• Strengthened network of invested stakeholders
  • A roadmap for tackling policy objectives around finance and education
Ultimately, Idaho achieved a roadmap to guide integrated behavioral health efforts for their State Health Innovation Project with implementation of prioritized action steps. Additionally, they clarified the need for further technical assistance around billing and financing integrated care and promoting education for team-based, integrated care. With this specificity, they are able to continue their journey for implementing both policy and programmatic changes.

Virginia | Leveraging Data for Alignment and Accountability

outline of Virginia
The state of Virginia approached their needs for improving integration of behavioral health with highly motivated policy leaders at executive, legislative and agency-levels and driven by a sense of urgency for improvement. Multiple traumatic events experienced in succession across the state brought front and center the desire to address behavioral health concerns resulting in deep investments from the state directed at the problem without achieving optimal results. With a goal of carving-in behavioral health benefits, Virginia Medicaid is also transitioning provider reimbursement from fee for service to managed care. With this transition, the Medicaid director engaged the FHPC as a partner for adaptive assistance to explore the restructuring of behavioral health services to promote integration.
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Virginia Department of Medical Assistance Services (DMAS)

Putting our systematic approach into action

Applying the Make Health Whole approach, Virginia agency leadership aimed for alignment across agencies seeking greater efficiencies, data and evidence to inform decision makers about best practices for achieving visible and measurable health outcomes, provide effective stewardship of Medicaid dollars, and better serve Medicaid members. The IAF helped redefine the problem to look not only at agencies, but also barriers across the state to greater alignment. The recognized findings were those commonly seen as a result of fragmented healthcare systems and competing governmental approaches: 1) inconsistent regional classification; 2) lack of measures and metrics; 3) investment in programs without accountability for quality or health outcomes. Enlisting the collaboration of 3 agencies, and in partnership with the FHPC, state agency and publically available data were compiled (using the State Data Analytics Tool) to define the scope of the problem and reveal disparate investments by region, age, community and hospital.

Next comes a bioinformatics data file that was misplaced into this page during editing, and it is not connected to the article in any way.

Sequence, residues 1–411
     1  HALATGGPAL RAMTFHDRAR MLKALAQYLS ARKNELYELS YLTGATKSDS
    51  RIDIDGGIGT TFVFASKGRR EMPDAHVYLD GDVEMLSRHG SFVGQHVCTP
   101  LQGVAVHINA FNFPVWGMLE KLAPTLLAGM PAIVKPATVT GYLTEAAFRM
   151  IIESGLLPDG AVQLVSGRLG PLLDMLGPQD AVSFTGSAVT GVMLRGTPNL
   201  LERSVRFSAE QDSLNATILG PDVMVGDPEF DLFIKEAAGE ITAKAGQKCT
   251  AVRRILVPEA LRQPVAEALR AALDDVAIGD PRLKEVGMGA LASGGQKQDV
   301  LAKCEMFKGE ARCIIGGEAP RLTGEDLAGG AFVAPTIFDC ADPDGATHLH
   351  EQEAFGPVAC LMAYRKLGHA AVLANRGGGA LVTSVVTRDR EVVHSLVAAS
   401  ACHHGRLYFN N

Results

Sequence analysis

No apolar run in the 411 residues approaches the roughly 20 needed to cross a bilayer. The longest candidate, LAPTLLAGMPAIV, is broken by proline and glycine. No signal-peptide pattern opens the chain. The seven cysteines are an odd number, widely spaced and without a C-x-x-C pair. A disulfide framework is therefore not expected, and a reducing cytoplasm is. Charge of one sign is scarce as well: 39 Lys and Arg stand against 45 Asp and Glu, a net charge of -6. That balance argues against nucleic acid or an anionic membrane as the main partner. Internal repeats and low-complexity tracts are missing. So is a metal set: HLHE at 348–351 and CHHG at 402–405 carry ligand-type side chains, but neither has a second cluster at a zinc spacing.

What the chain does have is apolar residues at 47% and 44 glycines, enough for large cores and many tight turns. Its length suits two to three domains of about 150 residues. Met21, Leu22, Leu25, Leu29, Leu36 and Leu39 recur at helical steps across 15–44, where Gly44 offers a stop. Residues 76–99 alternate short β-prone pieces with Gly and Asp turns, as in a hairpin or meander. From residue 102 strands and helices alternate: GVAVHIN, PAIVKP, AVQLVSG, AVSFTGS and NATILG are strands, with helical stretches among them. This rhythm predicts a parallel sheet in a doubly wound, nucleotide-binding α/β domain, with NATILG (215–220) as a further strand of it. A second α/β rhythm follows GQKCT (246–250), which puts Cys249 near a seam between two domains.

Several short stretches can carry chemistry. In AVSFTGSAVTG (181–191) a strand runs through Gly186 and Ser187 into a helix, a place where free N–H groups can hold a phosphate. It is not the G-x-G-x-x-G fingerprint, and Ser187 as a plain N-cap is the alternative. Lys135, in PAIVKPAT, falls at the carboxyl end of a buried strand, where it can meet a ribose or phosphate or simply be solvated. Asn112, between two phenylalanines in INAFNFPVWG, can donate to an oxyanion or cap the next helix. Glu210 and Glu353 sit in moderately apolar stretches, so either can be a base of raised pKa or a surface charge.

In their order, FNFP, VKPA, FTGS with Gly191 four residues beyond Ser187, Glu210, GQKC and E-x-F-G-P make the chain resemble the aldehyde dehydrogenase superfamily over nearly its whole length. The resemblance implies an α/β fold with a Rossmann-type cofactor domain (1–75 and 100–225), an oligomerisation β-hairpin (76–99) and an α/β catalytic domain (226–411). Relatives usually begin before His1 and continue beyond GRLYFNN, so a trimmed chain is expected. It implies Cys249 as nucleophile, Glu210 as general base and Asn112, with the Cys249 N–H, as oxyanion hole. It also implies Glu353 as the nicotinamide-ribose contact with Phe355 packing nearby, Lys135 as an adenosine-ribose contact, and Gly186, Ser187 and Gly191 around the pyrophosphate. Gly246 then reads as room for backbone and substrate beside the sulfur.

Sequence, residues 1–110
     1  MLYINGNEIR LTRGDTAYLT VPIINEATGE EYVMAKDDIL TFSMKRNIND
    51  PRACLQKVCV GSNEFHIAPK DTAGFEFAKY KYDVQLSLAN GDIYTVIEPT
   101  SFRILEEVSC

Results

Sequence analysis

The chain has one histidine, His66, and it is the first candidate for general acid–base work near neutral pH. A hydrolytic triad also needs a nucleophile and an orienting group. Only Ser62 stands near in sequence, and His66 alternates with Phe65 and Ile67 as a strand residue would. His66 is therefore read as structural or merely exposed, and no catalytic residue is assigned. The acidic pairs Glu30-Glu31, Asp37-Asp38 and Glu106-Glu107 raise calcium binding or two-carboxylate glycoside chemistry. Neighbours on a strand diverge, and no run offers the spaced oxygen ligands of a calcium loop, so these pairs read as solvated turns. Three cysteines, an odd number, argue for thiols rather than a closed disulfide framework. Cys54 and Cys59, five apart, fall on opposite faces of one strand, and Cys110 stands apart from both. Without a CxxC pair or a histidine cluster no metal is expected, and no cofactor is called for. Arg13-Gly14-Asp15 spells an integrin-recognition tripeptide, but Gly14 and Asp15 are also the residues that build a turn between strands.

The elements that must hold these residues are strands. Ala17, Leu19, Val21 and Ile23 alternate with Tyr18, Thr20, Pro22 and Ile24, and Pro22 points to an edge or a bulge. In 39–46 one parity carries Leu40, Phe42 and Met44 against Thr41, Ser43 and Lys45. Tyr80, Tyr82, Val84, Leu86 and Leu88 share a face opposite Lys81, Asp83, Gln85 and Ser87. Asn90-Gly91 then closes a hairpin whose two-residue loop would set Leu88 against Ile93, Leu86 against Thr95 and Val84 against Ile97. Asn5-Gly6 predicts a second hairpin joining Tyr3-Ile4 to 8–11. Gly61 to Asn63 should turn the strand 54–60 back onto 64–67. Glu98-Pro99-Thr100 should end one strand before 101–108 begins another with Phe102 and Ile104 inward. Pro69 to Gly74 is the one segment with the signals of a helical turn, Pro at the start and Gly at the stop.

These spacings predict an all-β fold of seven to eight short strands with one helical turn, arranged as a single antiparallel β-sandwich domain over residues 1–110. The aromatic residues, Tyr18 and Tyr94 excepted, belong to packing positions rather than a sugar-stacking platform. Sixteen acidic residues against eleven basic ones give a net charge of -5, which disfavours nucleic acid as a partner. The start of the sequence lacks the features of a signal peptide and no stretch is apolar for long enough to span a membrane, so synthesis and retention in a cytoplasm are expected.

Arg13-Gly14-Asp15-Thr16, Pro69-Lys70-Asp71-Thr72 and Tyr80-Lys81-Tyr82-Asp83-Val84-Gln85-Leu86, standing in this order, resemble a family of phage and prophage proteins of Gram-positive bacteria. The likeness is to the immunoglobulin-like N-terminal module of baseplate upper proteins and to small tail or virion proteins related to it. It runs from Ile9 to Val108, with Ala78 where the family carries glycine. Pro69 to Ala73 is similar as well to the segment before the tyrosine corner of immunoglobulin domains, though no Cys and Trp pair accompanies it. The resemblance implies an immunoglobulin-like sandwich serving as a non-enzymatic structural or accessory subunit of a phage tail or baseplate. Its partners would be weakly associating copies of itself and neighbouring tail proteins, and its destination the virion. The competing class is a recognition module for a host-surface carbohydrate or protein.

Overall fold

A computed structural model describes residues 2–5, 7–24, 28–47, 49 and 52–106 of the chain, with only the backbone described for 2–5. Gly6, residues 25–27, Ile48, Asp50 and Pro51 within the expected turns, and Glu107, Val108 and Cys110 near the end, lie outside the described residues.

At a Glance
  • Integration and alignment of objectives and data
  • Accountability at a state system-level with strengthened partnerships among leaders to build integration into community access for behavioral health.
These learnings brought to focus the traditional and non-traditional venues where people with mental health concerns were seeking care and clarified next steps to align, define measures and improve access. More fully armed with better coordination across agencies, the Medicaid agency then shared these data and a vision to work with policy makers to meet behavioral health needs of the Commonwealth of Virginia.